"Rabbit" by Mab Jones

Here I am, then, posed and poised, playful-seeming yet impossibly stretched: a long-eared, soft-furred creature, something like Bugs Bunny or a thing from Beatrix Potter. Except: stronger, tougher; long, and lithe; a flashing scythe of flesh, shanks strung with sinew and muscle a million times more powerful than your own.

I am the size of a man, the weight of a car. I am a bunched fist, released; the spring of a bomb that is set to explode. I am molten metal, made animal; a heft of mineral, hewn with a force that could kill. A human hand may have sculpted me, seemingly, but in truth, I was already there. An inert force. A shape in the earth. A being bound by stone, awaiting my release.

You look on me as an ornament - a pleasing, peculiar folly. Signifier of nothing except your own wild fancy. To you, I am a toy, a plaything or puzzle. Around me are windows, and from them hang faces - so many softboiled eyes set in overfed flesh. Daily, I see them, with glances which fall, on me then the sky; on me then a lamppost; on me, then at a passing woman’s legs. Your attention is not much more than a fly’s. No wonder you do not see me. Some of you try to figure me out, but all of you are incapable.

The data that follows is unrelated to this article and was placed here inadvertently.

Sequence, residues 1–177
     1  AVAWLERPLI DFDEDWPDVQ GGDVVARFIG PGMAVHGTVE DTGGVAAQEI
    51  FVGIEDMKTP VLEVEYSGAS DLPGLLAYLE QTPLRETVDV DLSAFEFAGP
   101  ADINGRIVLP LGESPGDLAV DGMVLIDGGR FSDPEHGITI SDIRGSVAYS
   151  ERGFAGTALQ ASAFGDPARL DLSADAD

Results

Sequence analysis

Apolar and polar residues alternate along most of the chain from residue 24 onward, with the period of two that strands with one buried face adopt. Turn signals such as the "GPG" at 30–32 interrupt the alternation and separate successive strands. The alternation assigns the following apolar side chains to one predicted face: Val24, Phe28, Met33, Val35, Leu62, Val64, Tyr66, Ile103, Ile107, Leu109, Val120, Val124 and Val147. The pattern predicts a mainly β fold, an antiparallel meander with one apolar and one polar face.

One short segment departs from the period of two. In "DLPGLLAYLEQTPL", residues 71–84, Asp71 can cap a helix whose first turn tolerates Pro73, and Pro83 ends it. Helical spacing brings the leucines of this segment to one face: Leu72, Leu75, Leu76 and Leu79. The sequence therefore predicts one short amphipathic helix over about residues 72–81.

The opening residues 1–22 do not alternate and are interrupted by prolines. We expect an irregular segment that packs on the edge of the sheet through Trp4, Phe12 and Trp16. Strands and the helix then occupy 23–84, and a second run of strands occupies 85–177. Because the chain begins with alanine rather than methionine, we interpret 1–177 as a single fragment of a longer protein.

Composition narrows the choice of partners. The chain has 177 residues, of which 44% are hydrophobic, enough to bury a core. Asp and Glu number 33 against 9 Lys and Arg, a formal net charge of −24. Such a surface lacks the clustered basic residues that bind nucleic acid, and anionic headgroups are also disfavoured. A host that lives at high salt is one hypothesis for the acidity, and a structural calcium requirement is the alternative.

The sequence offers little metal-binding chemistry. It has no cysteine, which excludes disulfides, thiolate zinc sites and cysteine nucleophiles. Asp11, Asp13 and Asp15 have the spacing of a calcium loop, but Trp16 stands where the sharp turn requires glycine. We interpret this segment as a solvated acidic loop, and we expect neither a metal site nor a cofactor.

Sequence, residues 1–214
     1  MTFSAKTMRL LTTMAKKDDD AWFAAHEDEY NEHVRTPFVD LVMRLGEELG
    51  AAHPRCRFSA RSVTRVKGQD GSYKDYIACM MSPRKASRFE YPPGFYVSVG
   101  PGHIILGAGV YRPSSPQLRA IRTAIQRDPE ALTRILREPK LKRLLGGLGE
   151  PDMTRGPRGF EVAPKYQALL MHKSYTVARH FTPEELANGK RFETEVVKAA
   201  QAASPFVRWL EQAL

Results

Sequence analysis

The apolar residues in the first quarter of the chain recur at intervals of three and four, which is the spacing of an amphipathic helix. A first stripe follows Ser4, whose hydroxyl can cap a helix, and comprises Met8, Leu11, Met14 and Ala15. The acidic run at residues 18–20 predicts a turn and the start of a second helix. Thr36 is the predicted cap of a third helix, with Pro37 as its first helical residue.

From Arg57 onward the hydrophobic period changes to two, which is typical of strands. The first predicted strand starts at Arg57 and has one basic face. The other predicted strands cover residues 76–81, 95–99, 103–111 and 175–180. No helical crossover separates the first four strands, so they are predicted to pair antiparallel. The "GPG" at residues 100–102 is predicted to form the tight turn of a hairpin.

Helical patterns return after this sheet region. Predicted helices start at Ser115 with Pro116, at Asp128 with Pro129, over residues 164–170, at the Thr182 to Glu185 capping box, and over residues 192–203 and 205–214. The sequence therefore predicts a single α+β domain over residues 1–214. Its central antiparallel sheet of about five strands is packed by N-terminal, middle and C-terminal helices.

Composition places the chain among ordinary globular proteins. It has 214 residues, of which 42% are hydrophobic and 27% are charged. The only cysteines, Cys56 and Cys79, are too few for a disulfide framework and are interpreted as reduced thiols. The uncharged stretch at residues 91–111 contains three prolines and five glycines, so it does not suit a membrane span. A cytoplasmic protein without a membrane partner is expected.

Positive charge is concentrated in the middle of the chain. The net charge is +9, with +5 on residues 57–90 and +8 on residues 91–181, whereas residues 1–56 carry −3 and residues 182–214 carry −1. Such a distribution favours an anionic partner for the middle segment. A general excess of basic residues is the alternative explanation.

Once, I was Lord Buddha, who sought freedom in my form. Once, I was an Egyptian god, and goddess – I shifted between genders as you do from channel to channel. I was the moon’s sleek messenger: I travelled there and back again, mixing an elixir of immortality with mortar and with pestle.

I held a torch for Holda, the Wild Hunt’s leader. The goddess Eostra took my shape at times. And in Rome, ah, Rome. There, they understood me. Find me carved on the bodies of tombs, munching figs and grapes, gleefully cavorting, while cadavers rot inside.

For I, I am immortal. Without beginning; without end. And yet you choose to regard me as - a cute thing. A critter. A pet, or maybe pest. You rabbit on incessantly, with your imbecile definitions, your tiny, tawdry attempts to pin me down.

Fools. I spin on the sword of a crescent moon, with the bell of the smith-god, Gofannon, below. It was He who made Me, not some feeble human hand. An animal cannot make a god. Lowly creatures, I’m not here because of you. You cannot hope to understand this. You should not dare to try.

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